Museum quality tribal art – Among the Ejagham of present-day Nigeria, members of the ekpeassociation society created two-dimensional assemblage sculptures as emblems of their community. Constructed of a mat of woven cane to which three dimensional objects are attached, including animal skulls, rope, carved wooden objects, a drum, medical leaves and other elements, the sculptures were placed on the central post of a community house, and sometimes also on a wall indicating an inner sanctum.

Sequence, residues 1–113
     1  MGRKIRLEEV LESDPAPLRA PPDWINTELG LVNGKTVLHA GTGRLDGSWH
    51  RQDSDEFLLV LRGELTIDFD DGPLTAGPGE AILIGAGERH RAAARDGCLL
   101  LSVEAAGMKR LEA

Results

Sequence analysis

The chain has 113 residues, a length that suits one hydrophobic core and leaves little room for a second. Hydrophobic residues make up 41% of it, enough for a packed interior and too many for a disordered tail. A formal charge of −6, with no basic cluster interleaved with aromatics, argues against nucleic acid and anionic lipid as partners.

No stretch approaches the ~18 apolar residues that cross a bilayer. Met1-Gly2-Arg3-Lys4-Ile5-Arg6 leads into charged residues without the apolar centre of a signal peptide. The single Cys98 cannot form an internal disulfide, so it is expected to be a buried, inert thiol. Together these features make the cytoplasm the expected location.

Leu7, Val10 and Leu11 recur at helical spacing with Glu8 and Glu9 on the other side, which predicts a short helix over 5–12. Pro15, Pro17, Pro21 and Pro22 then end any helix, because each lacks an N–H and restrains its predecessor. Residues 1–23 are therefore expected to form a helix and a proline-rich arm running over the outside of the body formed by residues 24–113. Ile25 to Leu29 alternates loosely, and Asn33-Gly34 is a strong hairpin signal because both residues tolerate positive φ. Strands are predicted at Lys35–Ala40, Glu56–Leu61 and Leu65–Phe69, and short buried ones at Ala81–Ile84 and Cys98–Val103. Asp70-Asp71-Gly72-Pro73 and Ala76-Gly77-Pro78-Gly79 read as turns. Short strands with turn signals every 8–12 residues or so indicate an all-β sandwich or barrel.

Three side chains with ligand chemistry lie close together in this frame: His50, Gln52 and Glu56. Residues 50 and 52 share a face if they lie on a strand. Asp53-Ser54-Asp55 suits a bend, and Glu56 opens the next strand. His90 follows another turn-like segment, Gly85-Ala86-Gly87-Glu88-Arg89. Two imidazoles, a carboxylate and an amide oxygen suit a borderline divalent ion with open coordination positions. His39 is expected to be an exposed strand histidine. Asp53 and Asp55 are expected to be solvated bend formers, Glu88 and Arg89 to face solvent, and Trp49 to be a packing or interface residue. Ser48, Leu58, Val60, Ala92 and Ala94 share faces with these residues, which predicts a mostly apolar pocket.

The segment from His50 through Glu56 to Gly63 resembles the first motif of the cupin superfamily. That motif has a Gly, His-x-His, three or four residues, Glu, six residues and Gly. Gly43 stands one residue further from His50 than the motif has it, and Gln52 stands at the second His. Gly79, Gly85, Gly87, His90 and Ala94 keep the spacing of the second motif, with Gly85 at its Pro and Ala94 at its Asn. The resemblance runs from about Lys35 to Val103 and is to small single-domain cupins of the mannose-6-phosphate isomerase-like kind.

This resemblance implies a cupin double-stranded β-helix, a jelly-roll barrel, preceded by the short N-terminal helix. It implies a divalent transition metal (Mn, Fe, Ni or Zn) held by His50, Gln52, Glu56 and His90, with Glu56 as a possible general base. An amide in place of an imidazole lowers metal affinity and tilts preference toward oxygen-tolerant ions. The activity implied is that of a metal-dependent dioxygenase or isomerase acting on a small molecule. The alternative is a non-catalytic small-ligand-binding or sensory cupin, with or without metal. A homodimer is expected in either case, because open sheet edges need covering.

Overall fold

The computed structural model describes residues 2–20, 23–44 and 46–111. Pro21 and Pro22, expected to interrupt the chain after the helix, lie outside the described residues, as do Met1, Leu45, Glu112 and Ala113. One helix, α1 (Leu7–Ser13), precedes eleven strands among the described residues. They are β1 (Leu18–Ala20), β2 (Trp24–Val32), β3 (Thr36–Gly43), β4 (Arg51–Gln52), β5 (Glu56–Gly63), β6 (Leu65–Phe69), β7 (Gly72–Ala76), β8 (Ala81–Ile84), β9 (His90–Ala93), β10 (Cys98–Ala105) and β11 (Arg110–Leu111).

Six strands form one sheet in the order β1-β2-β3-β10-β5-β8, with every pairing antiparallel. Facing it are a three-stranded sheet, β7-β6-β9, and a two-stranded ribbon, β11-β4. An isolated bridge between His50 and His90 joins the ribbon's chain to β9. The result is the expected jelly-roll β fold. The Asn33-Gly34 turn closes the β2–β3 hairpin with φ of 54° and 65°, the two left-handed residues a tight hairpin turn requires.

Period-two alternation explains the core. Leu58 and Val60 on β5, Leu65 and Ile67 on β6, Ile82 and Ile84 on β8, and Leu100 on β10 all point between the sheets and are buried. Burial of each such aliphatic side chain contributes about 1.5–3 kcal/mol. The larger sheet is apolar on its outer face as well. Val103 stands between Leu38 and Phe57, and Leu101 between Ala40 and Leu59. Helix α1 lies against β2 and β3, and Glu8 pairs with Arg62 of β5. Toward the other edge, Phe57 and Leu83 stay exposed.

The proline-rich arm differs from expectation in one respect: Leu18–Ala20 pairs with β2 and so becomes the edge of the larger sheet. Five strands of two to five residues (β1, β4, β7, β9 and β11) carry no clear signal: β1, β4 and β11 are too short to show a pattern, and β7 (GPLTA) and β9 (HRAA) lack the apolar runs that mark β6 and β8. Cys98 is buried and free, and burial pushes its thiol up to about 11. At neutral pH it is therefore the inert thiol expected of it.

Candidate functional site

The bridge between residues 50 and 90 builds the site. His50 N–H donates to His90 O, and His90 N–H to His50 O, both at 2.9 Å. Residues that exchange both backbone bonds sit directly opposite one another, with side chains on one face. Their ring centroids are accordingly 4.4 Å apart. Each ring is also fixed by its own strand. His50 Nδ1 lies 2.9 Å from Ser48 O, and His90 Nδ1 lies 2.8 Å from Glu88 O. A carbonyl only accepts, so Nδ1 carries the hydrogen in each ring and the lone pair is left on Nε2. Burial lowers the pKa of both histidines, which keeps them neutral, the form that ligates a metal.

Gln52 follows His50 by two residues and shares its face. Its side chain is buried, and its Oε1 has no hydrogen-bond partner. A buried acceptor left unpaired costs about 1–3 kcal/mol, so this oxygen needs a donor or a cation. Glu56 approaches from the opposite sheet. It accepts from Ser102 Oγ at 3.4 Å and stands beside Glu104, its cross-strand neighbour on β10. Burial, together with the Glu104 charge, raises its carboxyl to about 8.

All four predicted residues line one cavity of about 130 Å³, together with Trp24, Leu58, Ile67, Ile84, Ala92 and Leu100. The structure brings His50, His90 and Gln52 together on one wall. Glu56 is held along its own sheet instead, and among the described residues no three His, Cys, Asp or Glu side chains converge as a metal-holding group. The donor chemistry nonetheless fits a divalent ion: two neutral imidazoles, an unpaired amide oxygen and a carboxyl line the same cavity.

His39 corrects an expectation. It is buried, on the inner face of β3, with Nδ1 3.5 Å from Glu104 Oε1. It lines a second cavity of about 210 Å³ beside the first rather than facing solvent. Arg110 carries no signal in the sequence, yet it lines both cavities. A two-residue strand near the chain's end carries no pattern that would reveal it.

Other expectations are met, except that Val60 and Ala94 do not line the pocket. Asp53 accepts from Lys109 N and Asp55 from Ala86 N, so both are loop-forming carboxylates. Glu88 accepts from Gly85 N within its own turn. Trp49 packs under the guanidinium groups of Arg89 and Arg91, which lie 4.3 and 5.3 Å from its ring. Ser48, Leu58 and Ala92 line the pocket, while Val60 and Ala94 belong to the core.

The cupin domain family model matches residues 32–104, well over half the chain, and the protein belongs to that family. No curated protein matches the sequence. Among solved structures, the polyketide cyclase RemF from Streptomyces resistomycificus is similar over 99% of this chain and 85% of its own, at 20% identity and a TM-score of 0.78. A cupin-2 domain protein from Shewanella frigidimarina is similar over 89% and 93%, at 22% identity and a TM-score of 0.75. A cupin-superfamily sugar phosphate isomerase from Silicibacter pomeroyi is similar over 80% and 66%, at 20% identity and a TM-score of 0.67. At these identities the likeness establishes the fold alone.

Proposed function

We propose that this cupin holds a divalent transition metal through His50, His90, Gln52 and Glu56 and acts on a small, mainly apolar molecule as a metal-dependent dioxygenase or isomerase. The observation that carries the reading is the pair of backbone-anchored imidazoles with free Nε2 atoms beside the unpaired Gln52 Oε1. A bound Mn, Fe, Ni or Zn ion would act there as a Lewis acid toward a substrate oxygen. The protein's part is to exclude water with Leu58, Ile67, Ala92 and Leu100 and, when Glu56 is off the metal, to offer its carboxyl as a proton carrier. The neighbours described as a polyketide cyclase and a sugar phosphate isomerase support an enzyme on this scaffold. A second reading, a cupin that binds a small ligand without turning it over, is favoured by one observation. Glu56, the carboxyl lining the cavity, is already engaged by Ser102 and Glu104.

Ejagham people, also known as Ekoi, are an ethnic group in southeastern Nigeria and extending eastward into the southwest region of Cameroon. They were the first to make skin covered masks and dance in them. The Nigerian and Cameroon regions share similar tribal organizations and traditional masks. Nkwa-mbuk, a mask-wearing society of the Ekoi, performed rituals such as human sacrifices and head hunting.
Frame 30 x 39 inches x 7 inches deep.
Ex. Billy Jamieson Collection / Ex. Niagara Falls Museum